# Help with STS modeling

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### Lenhart

Nov 6, 2022, 2:42:00 PM11/6/22
to TensorFlow Probability
I am working on understanding Bayesian modeling, time series and implementing in TFP. I have time series data that records monthly snowfall in northern Arizona. For six months of the year, it almost never snows; in the winter, it snows but there is a lot of variance in how much--as little as none, as much as 70 inches in one month during some years.

My model:
trend = sts.LocalLevel(observed_time_series=obs_snow)
seasonal = sts.Seasonal(num_seasons=12, observed_time_series=obs_snow, allow_drift=False)
snow_model = sts.Sum([trend, seasonal], observed_time_series=obs_snow)

In this case, a good model would capture (1) summer month certainty, (2) winter month uncertainty, (3) very low error in summer months and (4) mean winter forecasts that are close to the mean of each month in the data. That is, he model accuracy/error would not be better than predicting each month's average, but the model should generate uncertainties that tell us about each month's variance.

The model fails to do 1. The standard deviation for almost all seasons is around 9 (inches), which seems like a reasonable posterior for the winter months but terrible for the summer.

I have fitted with VI following the STS tutorials very closely. I have tried varying several model parameters to see if those change my results. To me, the results resemble selecting a single scale parameter for a normal distribution and moving that distribution shape (i.e., loc) around to make predictions. I would like it do to both--summer months should have a negative loc (~=mean monthly snowfall), very low sigma Normal distribution, while winter months should have a positive loc and large sigma. (FWIW, a distribution with support [0, inf) makes more sense to me, but I would be happy with Normals as an approximation at the moment.)

I admit, I don't understand my own problem deeply. For one thing, I admit I don't really understand how to model a variable with a hard-lower bound (zero inches, e.g.) using normal distributions. Nor, however, do I understand how I might transform or add such a distribution to STS if I did. I realize that means I'm partly just asking a question about simple Bayesian modeling (and statistics), but any help would be appreciated.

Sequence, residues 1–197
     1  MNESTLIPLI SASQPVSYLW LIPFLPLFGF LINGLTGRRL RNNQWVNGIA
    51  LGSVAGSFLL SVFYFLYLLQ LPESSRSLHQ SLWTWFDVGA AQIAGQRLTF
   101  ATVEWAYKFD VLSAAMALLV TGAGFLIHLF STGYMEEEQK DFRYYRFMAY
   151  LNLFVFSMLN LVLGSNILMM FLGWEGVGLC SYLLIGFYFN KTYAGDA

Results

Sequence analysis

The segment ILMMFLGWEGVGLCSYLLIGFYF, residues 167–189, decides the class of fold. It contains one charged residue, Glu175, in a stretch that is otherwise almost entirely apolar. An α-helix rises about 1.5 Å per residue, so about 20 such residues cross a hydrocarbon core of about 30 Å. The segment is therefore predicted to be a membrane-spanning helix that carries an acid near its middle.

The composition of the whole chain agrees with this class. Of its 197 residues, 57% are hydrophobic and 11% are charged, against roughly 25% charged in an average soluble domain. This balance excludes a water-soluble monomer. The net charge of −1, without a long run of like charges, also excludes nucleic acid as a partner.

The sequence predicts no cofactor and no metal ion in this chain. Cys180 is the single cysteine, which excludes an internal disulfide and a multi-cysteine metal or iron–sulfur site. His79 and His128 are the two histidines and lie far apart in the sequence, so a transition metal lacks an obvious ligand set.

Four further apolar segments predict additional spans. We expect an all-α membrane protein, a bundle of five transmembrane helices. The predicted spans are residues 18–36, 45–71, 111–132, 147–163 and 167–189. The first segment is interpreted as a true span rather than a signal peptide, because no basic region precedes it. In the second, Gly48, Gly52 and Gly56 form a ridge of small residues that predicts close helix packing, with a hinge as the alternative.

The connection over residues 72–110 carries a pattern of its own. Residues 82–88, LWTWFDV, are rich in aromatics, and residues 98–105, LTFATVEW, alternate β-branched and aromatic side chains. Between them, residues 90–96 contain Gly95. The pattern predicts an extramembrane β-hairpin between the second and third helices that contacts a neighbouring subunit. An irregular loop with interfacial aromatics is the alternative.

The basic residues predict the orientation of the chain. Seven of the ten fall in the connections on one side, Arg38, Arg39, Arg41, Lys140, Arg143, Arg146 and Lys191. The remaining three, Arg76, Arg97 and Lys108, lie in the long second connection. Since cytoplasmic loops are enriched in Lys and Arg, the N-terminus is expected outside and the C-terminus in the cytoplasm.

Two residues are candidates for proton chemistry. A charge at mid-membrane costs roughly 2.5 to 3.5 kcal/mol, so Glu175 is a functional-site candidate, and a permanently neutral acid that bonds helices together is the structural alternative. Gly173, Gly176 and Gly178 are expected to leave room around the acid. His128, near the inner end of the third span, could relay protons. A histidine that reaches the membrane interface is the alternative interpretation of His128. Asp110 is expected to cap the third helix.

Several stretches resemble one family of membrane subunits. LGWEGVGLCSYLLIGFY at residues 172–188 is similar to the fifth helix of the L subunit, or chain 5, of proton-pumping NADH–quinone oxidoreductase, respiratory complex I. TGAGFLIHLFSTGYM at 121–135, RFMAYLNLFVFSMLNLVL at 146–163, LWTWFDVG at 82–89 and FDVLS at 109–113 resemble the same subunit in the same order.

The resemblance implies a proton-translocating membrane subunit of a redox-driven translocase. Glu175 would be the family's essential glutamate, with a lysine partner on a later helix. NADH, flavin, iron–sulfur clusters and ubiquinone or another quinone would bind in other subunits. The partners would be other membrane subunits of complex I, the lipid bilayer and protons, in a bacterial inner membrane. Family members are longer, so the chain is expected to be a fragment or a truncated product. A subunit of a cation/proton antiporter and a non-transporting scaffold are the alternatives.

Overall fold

Thanks,

Lenhart

### Junpeng Lao

Nov 7, 2022, 8:45:36 AM11/7/22
to TensorFlow Probability, lenhart...@gmail.com
Hi Lenhart,

In my experience, this type of time series is not easy to express with seasonal STS. The reason is that in Seasonal STS, the latent state X transition is a Gaussian random walk regularised with a drift parameter. This means the state X (12 when unconstrained in this case) is relatively smooth, instead you would want the summer months with almost 0 drift but the winter months a positive drift.

I think the first thing worth trying is formulate the seasonal component as a sparse regression. Something along the line of:

x = np.arange(0, len(obs_snow))
x_reg = np.tile(np.eye(12), len(x) // 12 + 1).T[:len(x)]
seasonal = sts.SparseLinearRegression(x_reg)
snow_model = sts.Sum([seasonal],
observed_time_series=y_obs)

### Michael Tamillow

Nov 7, 2022, 11:09:29 AM11/7/22
to Lenhart, TensorFlow Probability
I would think that snowfall would be partially causally attributed to temperature, humidity, and pressure. I would say build your uncertainty model over these factors with cyclicality and then create causal effects as a function of the generated data.

You should not rule out the possibility that it can snow in the summer, you should just make it extremely unlikely based on the combination of factors. As my 6 year old pointed out, as he filled a cup of water with only ice, ice is water (obviously in another state.) Likewise, rain is snow. I would model all precipitation to better understand snowfall.

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